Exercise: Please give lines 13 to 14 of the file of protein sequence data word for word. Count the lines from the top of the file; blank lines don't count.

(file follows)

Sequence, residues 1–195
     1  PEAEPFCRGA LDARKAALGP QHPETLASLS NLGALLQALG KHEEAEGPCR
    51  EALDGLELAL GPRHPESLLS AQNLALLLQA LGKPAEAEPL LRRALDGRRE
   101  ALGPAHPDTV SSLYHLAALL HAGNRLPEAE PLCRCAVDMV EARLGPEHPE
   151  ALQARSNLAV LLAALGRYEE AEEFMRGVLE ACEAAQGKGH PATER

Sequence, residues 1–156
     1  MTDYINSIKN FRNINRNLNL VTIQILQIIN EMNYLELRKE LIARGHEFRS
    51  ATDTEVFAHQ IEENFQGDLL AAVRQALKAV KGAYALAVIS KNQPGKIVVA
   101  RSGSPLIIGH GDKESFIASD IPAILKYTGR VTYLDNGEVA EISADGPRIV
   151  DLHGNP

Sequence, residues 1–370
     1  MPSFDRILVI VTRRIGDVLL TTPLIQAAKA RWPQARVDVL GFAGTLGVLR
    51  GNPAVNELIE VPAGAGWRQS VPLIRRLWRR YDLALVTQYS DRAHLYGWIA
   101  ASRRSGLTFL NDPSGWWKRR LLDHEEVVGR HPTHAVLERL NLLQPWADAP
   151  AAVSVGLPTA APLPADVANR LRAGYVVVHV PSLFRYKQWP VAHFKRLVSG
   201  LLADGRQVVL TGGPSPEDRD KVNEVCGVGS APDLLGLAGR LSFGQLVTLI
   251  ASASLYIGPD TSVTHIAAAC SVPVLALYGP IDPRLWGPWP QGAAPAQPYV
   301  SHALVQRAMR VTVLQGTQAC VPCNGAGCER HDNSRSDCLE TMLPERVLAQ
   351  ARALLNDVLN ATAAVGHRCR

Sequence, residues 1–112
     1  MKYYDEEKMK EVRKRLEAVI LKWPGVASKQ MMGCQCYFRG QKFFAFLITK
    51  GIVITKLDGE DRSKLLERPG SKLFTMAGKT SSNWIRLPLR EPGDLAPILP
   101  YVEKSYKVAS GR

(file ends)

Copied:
    51  GNPAVNELIE VPAGAGWRQS VPLIRRLWRR YDLALVTQYS DRAHLYGWIA
   101  ASRRSGLTFL NDPSGWWKRR LLDHEEVVGR HPTHAVLERL NLLQPWADAP